As a grad student I came up with the goal of writing an average of three hours a day for the rest of my life, but once I graduated the plan quickly became to just try to find time to write at all every day. I seem to have found a way to write for an average of about an hour a day, and that’s after something like nine months of shifting things around and experimenting with new ideas, desperately trying to figure out how to make it work.

I don’t mean to suggest that the fact that grad school gives you time to write should count as a strike against MFA programs. Time to write is always a good thing, as far as I’m concerned, and I think we should try harder to recognize it when we have it and value it for what it’s worth. But maybe we should reconsider the way we look at those times in our lives when we have very little time, or those times when we feel like we have very little time. Learning how to manage your time and squeeze those minutes or hours out of each day is just as important as studying your craft and reading until your eyes feel like they’ve been peeled and cooked. Time management is, let’s face it, an essential skill if you really want to make it as a writer.

Sunday, April 4, 2010

The Revision Beast

Here’s a question for you: Is there such a thing as too much revision? I’ve been thinking lately that there is definitely such a thing as too much writing – where you spend so much time in front of the computer that you forget to go out there and have experiences worth writing about, and I’m sure the same can be said of too much reading. What about revision? Is it possible to over-revise?

I’ve seen sometimes in workshops people turn in revised drafts of stories where the earlier draft was, in my opinion, better than the revision, and I’ve had that same criticism given to me about one of my own past workshop revisions. I’ve even seen, sometimes, in journals or collections, stories that feel sort of bland, lifeless, and I’ve wondered if this might be the result of too much revision, where the initial spark for the story, whatever it was that had made the writer want to write it to begin with, has been revised out.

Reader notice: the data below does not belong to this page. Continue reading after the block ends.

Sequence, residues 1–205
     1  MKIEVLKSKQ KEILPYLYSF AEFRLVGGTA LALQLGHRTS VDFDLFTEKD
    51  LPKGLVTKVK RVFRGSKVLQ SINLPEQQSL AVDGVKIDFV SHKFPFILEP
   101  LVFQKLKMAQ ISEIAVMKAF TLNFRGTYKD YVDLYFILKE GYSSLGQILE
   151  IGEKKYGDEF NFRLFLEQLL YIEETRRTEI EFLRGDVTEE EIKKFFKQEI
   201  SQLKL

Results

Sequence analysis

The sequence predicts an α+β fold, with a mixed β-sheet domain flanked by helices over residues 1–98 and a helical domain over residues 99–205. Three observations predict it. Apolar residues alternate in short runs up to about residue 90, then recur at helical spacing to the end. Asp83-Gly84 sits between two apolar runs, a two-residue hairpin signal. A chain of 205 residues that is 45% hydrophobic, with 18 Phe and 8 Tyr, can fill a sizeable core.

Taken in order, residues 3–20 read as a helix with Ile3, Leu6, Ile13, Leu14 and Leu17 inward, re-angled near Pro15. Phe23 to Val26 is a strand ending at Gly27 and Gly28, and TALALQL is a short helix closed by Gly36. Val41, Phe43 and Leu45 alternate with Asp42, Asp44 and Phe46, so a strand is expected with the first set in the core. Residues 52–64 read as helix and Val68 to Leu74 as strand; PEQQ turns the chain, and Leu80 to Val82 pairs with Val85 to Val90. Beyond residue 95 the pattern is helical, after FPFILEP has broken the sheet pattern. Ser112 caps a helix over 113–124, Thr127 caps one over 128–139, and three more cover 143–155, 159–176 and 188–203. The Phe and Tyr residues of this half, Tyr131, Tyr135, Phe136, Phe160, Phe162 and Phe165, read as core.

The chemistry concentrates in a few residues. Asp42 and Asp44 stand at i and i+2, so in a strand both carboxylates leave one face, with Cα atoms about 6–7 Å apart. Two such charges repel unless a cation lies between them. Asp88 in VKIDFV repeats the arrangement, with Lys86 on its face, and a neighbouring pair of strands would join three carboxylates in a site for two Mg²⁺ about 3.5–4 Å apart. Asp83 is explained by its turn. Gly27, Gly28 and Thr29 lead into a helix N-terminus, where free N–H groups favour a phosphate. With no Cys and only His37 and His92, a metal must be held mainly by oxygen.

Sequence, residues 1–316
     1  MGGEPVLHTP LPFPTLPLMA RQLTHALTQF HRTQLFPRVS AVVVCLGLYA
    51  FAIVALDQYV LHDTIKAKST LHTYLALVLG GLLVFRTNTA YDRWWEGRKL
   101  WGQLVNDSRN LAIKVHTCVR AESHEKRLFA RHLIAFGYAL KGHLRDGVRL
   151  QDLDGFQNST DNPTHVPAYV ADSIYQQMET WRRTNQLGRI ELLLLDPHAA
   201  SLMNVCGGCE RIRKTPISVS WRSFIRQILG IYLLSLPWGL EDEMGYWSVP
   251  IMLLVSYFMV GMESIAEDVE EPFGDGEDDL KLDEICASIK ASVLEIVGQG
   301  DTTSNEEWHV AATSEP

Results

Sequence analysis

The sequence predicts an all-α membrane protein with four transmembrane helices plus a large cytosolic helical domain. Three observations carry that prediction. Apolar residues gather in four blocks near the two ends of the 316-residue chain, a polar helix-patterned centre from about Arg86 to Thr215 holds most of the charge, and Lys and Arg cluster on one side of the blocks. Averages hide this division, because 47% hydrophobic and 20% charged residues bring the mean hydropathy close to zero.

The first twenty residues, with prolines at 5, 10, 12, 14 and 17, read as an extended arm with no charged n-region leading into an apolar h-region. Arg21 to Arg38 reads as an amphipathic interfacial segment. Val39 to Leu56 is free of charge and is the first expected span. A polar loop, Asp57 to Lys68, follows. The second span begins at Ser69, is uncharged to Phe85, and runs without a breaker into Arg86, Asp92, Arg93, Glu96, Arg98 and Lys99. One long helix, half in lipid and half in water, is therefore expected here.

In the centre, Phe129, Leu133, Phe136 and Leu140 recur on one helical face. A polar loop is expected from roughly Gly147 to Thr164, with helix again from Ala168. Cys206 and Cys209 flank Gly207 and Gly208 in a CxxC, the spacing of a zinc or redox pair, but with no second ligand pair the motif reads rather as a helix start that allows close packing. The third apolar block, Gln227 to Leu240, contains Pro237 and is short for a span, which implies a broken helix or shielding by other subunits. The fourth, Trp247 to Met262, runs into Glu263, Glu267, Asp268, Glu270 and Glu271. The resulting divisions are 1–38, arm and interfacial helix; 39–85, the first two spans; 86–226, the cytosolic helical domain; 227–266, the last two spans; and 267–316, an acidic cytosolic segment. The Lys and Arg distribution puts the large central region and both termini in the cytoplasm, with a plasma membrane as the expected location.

I’m a huge proponent for extensive revision. I tend to believe that many writers, especially those just starting out, don’t revise anywhere near enough. Revision is, in fact, what I consider the biggest difference between writers and would-be-writers: serious writers take revision seriously.

But is there a line that you eventually cross where the piece is as good as it’s going to be and any further revision will damage it, or perhaps just turn it into something completely different? Or maybe what I should be asking is how do you know when a piece has crossed that line? I’ve heard that old rule that if you get to a point where you’re only changing minor things with each revision, you should take it to mean that you’re done. But what if you’re like me: a perpetual reviser, someone who might work on a single story or novel for years and years and years, someone who continues to revise stories long after they’ve been published?

I’ve heard interviews with professional writers – that rare breed that actually makes a living off of writing – who say that part of being a writer is finishing. Yes, you need to revise, but you also need to stop revising. You need to send your work out there. You need to move on to the next project.

I wonder if it’s possible that revision is actually holding me back. I revise so much that sometimes new projects will sit on the backburner for ages because I never have time to work on them, I’m too busy reworking this or that older project. Right now I have several new stories I’d like to write, for example, and a new novel I want to work on, but I keep not doing it because when I sit down to write, I always end up rewriting. And the thing about endless revision is that sometimes a new draft won’t necessarily be any better than an older draft, just different.

I’m not suggesting that anyone should ever stop revising altogether, but maybe it is possible to spend too much time revising. Maybe equally important to taking revision seriously is being able to face the empty page without fear, being able to open a blank document and create something new over and over and over again.